Last night I went to see Top Girls, Caryl Churchill’s 1982 play about the differences between liberal and socialist feminism, about having children or feeling nothing for the ones you had, about careers and Thatcher. My partner joked that the take-home message of the play was, ‘It sucks to be a woman.’
Then this morning, we woke to the news that overnight a man was charged with the rape and murder of Jill Meagher. It’s a horrible story. And even though I know people go missing every single day, this was a story I followed closely all week. How was it possible – in Brunswick – that a woman couldn’t walk less than a kilometre to her home, even when it was dark, even when she was alone?
Sydney Road is an area I know well. I was at the Cornish Arms on Saturday night. When I lived in Lygon Street, there were countless times I too walked those streets alone and at night.
It is depressing that only a couple of weeks after SlutWalk (but years after the Reclaim the Night marches and many waves of feminism), we still have to reiterate that women should be able to walk the streets at night. Women, in fact, should be able to walk and dress and drink and think as they please, just as men can, without being targeted as victims or provocateurs.
These sexist partitions that try to curb the behaviours of women, to make them less of a red flag, are not only depressing; they are enraging.
But the circumstances surrounding Jill Meagher’s death are rare. In cases of sexual violence in Australia, women know the perpetrator more than 80 per cent of the time. And for women from their teens to their mid-40s in Victoria, partner violence is the most common cause of preventable death. And these are just the numbers we know of. Only a small percentage of women even report rape in Victoria, perhaps because fewer than one in six end with prosecution.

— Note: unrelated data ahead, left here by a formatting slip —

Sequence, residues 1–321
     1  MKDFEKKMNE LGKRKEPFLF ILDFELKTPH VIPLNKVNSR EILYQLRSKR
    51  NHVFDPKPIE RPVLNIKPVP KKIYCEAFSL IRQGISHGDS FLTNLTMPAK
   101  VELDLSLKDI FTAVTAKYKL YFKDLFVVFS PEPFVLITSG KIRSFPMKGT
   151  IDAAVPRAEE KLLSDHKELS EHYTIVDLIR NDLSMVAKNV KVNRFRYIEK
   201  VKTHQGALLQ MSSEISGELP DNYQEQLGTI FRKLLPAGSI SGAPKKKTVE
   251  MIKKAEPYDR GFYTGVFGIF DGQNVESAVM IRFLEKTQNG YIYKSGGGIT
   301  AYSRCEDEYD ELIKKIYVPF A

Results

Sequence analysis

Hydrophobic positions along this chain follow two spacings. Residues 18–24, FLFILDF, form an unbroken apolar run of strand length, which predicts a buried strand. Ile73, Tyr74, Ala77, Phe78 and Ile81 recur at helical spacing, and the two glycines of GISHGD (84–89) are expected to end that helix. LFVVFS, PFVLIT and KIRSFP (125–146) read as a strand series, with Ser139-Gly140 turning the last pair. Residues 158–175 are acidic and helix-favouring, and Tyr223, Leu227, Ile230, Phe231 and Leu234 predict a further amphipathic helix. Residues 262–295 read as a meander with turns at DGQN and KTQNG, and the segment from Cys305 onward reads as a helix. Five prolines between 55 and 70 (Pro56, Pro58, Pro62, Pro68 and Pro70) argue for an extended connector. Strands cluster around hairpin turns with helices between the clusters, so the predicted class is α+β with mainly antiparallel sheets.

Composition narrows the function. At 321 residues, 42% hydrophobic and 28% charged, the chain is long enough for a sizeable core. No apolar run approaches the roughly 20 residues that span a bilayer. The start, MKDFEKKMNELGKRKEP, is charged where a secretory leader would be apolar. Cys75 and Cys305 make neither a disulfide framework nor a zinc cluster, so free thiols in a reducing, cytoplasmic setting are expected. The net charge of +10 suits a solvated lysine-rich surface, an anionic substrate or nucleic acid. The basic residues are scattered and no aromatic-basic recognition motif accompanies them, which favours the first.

So we should be wary of accepting the illusion that we’d be safer with more police walking the streets, or more police scrutinising the lives and pastimes of women. More police on the streets, which is historically what the Reclaim the Night marches called for, won’t change the above statistics. It won’t change attitudes to women either: a heavily policed community doesn’t eradicate sexism and misogyny. Besides, it was a police officer’s shaming of women that triggered SlutWalk in the first place.
More police on the street is not going to make women safer. In actual fact, history shows that more police on the streets makes the vulnerable in our communities a lot less safe.
Oh, and it doesn’t suck to be a woman; it just sucks to be in a world where you have to constantly fight to be seen as fully human, with all the rights that entails.